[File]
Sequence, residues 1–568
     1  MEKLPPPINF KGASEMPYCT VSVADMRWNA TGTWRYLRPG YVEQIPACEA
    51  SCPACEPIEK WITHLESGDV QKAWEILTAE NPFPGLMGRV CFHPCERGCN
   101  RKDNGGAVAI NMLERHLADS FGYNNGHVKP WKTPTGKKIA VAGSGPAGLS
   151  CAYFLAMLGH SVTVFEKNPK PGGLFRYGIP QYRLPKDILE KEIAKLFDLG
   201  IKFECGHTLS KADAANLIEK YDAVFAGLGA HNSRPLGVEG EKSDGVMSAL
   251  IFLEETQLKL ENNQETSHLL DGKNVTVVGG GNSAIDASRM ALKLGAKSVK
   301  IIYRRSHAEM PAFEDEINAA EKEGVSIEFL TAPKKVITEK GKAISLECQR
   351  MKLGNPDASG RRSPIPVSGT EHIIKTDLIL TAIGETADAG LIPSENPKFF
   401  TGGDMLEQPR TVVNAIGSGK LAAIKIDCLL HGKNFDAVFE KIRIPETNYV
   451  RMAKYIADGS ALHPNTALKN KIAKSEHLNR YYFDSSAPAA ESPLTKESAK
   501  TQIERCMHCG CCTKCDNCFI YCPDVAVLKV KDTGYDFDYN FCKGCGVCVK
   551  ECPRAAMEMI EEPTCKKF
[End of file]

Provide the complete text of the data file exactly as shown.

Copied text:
Sequence, residues 1–568
     1  MEKLPPPINF KGASEMPYCT VSVADMRWNA TGTWRYLRPG YVEQIPACEA
    51  SCPACEPIEK WITHLESGDV QKAWEILTAE NPFPGLMGRV CFHPCERGCN
   101  RKDNGGAVAI NMLERHLADS FGYNNGHVKP WKTPTGKKIA VAGSGPAGLS
   151  CAYFLAMLGH SVTVFEKNPK PGGLFRYGIP QYRLPKDILE KEIAKLFDLG
   201  IKFECGHTLS KADAANLIEK YDAVFAGLGA HNSRPLGVEG EKSDGVMSAL
   251  IFLEETQLKL ENNQETSHLL DGKNVTVVGG GNSAIDASRM ALKLGAKSVK
   301  IIYRRSHAEM PAFEDEINAA EKEGVSIEFL TAPKKVITEK GKAISLECQR
   351  MKLGNPDASG RRSPIPVSGT EHIIKTDLIL TAIGETADAG LIPSENPKFF
   401  TGGDMLEQPR TVVNAIGSGK LAAIKIDCLL HGKNFDAVFE KIRIPETNYV
   451  RMAKYIADGS ALHPNTALKN KIAKSEHLNR YYFDSSAPAA ESPLTKESAK
   501  TQIERCMHCG CCTKCDNCFI YCPDVAVLKV KDTGYDFDYN FCKGCGVCVK
   551  ECPRAAMEMI EEPTCKKF